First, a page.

How to deal with a passive-aggressive boss

Passive aggression is a pattern of behavior in which a person’s anger toward another person is hidden. This may take various forms, ranging from subtle insults to harsh jokes to a desire to instigate a fight and blame the other person for it.

Some bosses utilize passive-aggressive conduct as a leadership strategy, but it’s ineffective. At work, your boss’s actions might hurt your relationship with him and the team’s comfort level. We explain how passive aggression expresses itself at work and what you should do if your boss acts in this manner.

Causes of passive-aggressive behavior of the boss

How to deal with a passive-aggressive boss
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There are numerous common explanations for this pattern of behavior:

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1. Upbringing

The family’s behavior model might become the source of communication issues with others. This is most evident in how a person communicates displeasure and acts in conflict situations.

Passive-aggressive people were often taught as youngsters that expressing their feelings as inappropriate. Fear, anger, or disappointment are channeled into irony and mockery as a coping technique. This kind of action allows the passive-aggressive individual to suppress their feelings.

2. Depending on the circumstances

People cannot openly express unpleasant sentiments towards other individuals in various contexts, particularly in business interactions, mainly when he is in command. As a result, emotions are hidden.

3. The habit of ignoring problems

It’s simpler for some people to attempt to forget about difficulties than to begin fixing them. They build up over time and trigger passive-aggressive conduct in reaction to stress. In the case of a crisis, a passive-aggressive individual will find it far simpler to hurl a disguised insult than to figure out what went wrong and why.

How passive aggression manifests itself

How to deal with a passive-aggressive boss
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It is important to remember that we are not at fault when it comes to passive-aggressive. It is intended to make a person feel lousy, regardless of how well he does at work or what personality attributes he has. It’s also a means for our management to communicate any flaws or grievances. Here are some examples of passive aggression that can come from a boss:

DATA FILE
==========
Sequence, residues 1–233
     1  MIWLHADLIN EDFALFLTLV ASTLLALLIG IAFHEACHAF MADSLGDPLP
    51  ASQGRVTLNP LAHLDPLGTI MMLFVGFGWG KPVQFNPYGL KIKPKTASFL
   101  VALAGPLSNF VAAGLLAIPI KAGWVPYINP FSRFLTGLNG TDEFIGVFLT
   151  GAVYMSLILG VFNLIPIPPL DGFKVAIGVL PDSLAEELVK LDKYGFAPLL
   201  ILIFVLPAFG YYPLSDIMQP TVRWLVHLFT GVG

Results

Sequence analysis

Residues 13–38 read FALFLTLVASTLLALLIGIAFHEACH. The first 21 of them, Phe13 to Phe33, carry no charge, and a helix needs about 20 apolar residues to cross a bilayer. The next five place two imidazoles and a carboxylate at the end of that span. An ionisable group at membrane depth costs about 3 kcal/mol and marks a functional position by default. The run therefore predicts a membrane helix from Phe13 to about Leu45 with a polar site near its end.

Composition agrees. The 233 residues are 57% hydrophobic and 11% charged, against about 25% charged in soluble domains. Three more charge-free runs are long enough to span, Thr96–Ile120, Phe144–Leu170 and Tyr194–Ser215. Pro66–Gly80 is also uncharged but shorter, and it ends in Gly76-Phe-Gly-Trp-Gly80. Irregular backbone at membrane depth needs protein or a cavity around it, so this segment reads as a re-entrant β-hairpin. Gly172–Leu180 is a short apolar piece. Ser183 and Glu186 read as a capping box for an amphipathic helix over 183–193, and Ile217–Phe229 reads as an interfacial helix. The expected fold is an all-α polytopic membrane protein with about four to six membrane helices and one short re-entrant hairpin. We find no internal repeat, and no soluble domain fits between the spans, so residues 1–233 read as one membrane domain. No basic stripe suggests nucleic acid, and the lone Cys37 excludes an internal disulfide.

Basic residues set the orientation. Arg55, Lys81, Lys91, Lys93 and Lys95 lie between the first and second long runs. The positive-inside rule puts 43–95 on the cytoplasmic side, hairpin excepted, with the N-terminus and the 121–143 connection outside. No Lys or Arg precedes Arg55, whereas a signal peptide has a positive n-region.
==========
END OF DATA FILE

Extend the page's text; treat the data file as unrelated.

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1. Complaints or compliments are hidden under a veil of secrecy

Complaints or displeasure might be disguised as compliments. Unfortunately, it may be much more insulting than the plain truth.

Consider the following scenario: you’ve misplaced an important paper and can’t seem to track it down. The passive-aggressive boss will get away with saying, “Well done.” The employee of the Month has been chosen! Instead of honestly pointing out your mistake and the solution to the problem.

Such behavior may be embarrassing and disrespectful, particularly when done in front of other team members, and the criticism directed towards the boss is quite fair.

2. Neglect

A passive-aggressive boss also has this character. This behavior model enables you to make a joke or a caustic remark in the face of an unpleasant circumstance, so avoid speaking about it. Remarks that the boss doesn’t have time or requests that you repeat what you’ve previously done are examples of demeaning statements. Also, there are times when your boss expects you to know exactly what has to be done, even though you aren’t qualified to accomplish it.

3. Shifting of the blame

Passive- aggressiveness is typical among leaders who lack true leadership traits and are incapable of taking responsibility. To avoid being held accountable, they just pass it on to their subordinates.

A passive-aggressive boss might use this tactic to make his people feel powerless. Such a boss, in particular, ensures that his staff is filled with fear and unease. They were, for example, anticipating the next punishment for mistakes that were not their fault, or they were concerned about the potential of being dismissed.

4. Microaggression

Microaggression is a kind of aggression that aims to manipulate people by stressing their flaws and focusing on their physical characteristics. Gender, religion, education, and habits may all play a role in this.